Pennsylvania v. Hill (majority)Annotate this Case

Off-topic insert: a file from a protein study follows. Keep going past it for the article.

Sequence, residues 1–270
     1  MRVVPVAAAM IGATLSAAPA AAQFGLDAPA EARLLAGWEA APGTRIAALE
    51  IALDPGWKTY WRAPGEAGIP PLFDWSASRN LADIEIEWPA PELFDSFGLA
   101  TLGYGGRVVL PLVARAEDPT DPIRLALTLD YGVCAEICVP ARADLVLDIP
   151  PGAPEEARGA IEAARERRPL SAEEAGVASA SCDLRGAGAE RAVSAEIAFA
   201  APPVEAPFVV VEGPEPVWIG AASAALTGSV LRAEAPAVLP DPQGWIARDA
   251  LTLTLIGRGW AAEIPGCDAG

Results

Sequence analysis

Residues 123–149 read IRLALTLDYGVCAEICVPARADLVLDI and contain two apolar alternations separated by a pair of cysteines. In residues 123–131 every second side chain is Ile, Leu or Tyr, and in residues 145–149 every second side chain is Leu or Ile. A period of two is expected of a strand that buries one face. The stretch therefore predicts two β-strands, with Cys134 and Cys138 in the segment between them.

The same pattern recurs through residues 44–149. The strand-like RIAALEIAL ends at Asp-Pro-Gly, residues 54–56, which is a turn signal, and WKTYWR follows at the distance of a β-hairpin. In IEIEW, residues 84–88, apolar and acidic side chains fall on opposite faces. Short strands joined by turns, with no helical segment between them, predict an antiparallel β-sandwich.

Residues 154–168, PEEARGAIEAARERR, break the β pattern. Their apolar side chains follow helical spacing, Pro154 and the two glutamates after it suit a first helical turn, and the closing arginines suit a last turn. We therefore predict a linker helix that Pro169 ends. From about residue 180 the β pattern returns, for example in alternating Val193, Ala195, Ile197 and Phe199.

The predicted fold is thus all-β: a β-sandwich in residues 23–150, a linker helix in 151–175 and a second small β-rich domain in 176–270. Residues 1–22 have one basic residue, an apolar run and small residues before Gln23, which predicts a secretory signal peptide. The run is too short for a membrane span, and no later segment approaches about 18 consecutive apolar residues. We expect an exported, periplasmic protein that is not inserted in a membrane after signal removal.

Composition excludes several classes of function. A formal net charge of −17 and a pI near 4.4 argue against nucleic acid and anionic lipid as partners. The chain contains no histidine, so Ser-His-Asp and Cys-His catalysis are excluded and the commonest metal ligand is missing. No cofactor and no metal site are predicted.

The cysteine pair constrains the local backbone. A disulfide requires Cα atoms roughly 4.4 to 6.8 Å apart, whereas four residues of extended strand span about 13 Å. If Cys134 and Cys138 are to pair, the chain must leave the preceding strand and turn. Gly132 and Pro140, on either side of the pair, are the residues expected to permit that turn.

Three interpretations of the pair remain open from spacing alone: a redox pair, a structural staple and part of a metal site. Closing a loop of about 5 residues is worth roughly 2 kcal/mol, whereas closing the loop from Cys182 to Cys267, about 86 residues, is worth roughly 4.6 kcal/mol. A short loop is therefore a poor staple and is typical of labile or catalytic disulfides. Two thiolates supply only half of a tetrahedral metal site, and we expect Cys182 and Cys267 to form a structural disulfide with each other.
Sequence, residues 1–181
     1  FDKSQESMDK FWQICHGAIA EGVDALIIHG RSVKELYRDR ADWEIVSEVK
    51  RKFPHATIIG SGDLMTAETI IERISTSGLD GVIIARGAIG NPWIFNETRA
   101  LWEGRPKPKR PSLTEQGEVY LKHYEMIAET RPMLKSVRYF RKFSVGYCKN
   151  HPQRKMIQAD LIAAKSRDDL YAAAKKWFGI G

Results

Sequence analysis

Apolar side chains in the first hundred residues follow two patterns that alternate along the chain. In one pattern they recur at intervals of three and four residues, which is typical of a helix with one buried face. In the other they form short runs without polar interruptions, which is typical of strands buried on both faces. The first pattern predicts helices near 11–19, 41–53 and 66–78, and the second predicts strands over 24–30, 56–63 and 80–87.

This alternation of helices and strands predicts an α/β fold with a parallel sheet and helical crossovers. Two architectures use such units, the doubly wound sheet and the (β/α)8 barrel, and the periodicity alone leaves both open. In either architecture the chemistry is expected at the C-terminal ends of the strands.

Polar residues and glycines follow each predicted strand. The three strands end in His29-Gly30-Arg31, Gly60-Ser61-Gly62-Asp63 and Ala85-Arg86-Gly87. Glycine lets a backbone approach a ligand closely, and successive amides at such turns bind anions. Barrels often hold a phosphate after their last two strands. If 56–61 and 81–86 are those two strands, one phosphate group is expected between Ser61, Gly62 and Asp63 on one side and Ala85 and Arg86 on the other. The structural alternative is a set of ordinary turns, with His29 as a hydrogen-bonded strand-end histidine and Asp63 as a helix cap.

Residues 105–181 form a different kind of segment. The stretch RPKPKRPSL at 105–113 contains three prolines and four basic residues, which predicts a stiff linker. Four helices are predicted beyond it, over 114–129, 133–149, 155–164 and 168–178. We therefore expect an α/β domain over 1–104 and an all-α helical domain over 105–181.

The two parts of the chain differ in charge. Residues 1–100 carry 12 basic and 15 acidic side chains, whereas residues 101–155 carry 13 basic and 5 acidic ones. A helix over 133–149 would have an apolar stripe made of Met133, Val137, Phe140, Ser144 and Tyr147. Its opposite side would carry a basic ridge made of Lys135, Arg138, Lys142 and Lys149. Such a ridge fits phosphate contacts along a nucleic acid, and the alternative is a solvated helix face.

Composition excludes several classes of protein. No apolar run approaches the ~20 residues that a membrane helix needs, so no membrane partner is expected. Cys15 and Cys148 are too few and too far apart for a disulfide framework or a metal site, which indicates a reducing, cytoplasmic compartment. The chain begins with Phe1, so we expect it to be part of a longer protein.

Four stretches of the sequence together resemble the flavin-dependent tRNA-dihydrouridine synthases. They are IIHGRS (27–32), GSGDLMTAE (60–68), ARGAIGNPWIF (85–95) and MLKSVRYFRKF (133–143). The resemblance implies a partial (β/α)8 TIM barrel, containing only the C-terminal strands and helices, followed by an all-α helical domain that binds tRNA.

In the early morning hours of April 22, 2015, several police officers, including Sergeant Joseph Blaze, were investigating a report of shots fired. The investigation lead Sergeant Blaze to the intersection of Frankstown Road and Robinson Boulevard. As the sergeant drove through that intersection with a green light, he heard tires squealing and observed a dark gray vehicle speeding directly at him. Appellant Bryan Hill was driving that vehicle; the vehicle entered the intersection in an uncontrolled skid and nearly hit Sergeant Blaze’s police car. The sergeant turned his vehicle around and pursued Appellant. Other officers soon joined in the pursuit. Sergeant Blaze and Officer Dustin Hess eventually observed Appellant walking away from his vehicle, which was parked in a residential driveway. As Appellant approached the front door of that residence, the officers noticed that he appeared to be intoxicated. Officer Hess ordered Appellant to stop so the officers could speak with him, but Appellant ignored the directive, choosing instead to pound on the front door of the home and to exclaim to the officers, inter alia, “I didn’t almost hit you . . . I wasn’t going too fast . . . I made it home.” The officers ultimately escorted Appellant to the police station for chemical testing. Appellant, however, was belligerent and uncooperative. He refused to take a breathalyzer test. Relevant to this appeal, the Commonwealth charged Appellant with two counts of DUI. The Pennsylvania Supreme Court addressed whether Appellant raised a non-waivable federal double jeopardy challenge to the legality of his sentence imposed for two guilty verdicts of driving under the influence of alcohol stemming from one act of DUI, and if so, whether that claim had merit. The Supreme Court concluded Appellant's double jeopardy claim, solely as it related to his second sentence for DUI, implicated the legality of his sentence, rendering the claim immune from waiver. "Regarding the substance of that claim, we need not reach a definitive conclusion that Appellant’s sentence violates double jeopardy because his sentence is illegal on non-constitutional grounds." Accordingly, the Court vacated in part the trial court's judgment and Appellant's second DUI sentence.